NOW Hunters Point
Role:Designer, Strategist, Community Engagement Lead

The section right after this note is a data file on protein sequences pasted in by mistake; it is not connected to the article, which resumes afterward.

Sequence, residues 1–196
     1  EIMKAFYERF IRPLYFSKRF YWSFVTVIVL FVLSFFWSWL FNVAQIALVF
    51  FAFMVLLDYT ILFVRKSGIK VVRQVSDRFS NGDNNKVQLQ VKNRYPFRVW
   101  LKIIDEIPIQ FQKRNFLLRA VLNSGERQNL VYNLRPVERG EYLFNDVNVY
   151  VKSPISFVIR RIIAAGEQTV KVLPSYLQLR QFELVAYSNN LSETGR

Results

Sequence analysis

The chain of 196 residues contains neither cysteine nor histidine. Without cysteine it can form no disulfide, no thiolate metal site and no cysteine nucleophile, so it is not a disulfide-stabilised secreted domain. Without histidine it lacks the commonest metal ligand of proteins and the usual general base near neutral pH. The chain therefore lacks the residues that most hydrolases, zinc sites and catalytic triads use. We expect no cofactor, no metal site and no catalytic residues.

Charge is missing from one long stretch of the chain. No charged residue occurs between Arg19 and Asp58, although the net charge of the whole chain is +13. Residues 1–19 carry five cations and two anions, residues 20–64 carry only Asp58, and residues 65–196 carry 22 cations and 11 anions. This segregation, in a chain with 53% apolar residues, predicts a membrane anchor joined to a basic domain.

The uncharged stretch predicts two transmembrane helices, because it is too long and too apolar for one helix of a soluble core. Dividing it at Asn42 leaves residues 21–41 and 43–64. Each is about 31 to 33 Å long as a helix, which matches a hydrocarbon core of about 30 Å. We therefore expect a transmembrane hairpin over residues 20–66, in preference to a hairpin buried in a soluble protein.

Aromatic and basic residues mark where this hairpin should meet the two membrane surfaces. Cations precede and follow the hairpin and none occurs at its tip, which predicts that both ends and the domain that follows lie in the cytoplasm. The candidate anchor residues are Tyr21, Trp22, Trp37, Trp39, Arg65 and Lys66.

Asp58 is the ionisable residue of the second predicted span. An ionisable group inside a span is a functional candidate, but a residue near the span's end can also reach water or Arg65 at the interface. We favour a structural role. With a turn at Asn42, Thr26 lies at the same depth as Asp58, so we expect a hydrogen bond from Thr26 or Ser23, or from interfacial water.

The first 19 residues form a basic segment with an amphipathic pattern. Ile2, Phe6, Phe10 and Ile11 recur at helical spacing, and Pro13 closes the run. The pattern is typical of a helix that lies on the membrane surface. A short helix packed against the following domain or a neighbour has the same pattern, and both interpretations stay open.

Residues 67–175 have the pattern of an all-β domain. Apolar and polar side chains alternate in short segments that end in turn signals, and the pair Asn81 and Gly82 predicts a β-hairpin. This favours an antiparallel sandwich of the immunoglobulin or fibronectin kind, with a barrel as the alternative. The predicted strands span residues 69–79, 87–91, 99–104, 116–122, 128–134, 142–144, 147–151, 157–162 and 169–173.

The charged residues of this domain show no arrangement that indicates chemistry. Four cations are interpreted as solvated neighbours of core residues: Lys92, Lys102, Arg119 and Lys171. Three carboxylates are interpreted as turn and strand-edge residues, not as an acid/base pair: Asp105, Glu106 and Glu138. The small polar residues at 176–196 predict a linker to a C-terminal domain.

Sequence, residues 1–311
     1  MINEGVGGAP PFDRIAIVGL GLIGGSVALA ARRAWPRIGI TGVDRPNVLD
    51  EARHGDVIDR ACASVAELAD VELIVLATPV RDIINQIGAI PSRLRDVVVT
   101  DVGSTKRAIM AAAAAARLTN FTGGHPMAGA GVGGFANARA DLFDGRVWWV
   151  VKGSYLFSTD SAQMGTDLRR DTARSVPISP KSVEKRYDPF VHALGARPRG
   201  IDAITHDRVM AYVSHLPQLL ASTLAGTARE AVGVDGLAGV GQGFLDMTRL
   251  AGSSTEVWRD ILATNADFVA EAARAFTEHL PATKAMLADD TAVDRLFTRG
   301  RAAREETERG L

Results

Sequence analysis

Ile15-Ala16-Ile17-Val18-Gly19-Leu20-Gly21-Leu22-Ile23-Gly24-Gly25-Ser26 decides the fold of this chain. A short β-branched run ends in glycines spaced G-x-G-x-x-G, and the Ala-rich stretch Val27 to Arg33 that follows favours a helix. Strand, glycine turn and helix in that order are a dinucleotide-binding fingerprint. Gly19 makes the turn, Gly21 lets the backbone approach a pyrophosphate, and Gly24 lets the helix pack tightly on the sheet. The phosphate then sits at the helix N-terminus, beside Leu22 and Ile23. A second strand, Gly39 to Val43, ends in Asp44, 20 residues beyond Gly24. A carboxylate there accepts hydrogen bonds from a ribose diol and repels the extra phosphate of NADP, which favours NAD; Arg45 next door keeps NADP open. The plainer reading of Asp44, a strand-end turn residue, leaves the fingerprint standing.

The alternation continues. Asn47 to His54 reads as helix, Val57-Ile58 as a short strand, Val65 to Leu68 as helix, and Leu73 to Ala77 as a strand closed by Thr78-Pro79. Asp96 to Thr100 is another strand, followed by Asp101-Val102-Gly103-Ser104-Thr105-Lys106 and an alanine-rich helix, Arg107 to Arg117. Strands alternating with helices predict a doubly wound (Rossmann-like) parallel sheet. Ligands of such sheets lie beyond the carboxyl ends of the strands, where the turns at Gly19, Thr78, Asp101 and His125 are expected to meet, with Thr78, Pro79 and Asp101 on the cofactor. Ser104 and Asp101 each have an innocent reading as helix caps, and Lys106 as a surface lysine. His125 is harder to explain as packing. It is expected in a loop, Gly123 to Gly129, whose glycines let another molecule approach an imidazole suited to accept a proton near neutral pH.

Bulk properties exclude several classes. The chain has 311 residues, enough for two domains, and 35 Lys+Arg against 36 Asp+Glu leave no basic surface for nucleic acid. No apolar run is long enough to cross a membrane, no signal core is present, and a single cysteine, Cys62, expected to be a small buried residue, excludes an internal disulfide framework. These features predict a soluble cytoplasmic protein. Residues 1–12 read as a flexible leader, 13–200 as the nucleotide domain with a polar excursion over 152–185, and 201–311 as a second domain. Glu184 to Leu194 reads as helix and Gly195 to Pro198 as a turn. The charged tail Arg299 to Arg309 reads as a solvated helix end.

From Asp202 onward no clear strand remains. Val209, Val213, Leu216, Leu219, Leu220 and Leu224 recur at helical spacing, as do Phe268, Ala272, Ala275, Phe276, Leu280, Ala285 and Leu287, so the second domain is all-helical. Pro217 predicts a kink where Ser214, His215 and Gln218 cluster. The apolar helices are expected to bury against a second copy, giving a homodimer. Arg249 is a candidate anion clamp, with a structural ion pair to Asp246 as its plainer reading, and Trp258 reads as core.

This project asks the question of how to transform a former industrial site into a dynamic activity center that can be embraced and stewarded by the diverse local community. For much of its history, San Francisco’s Bayview Hunters Point has been home to many industrial uses, including a power plant. In 2006, community lobbying helped lead to the closure of the power plant and its owner, Pacific Gas & Electric worked with the community to undertake a process of remediation. Now that process is nearly complete and it’s time to begin the next chapter in the story of this place. In an attempt to capture what can be wanted and loved by the community, the project team has embraced an interactive community engagement process as the catalyst for the design. The neighborhood is incredibly diverse, containing a historical African-American community, a still active industrial workforce, an artist community, and a growing middle class community among others. Through early conversations with community members, it became clear that this is an area rich in stories that mark the area’s history and diversity but which there have been few outlets to share and capture them. Cognizant of this as well as the fact that it was hard for people to visualize a future for the site without never having been able to step foot on it, the team created a space that allows for tangible acts of listening and visioning. Working in partnership with local organizations, and under the program NOW Hunters Point, the site has been designed to function as an interim event space. It serves as a platform for multiple programs that can test what can ultimately be on the site from collaborations with StoryCorps, a national storytelling project, to Circus Bella, a local community circus. In March 2017, the first permanent piece of the project, a new public access shoreline trail – the design of which was inspired by the conversations and activation that have occurred as part of NOW Hunters Point – opened to the public, providing direct access to the shoreline and a model of what a community-inspired and informed project could look like. From four years of dynamic programming to walking the shoreline, over 12,000 people have done something on the site that, we hope, has changed their relationship and charted better opportunities for the future.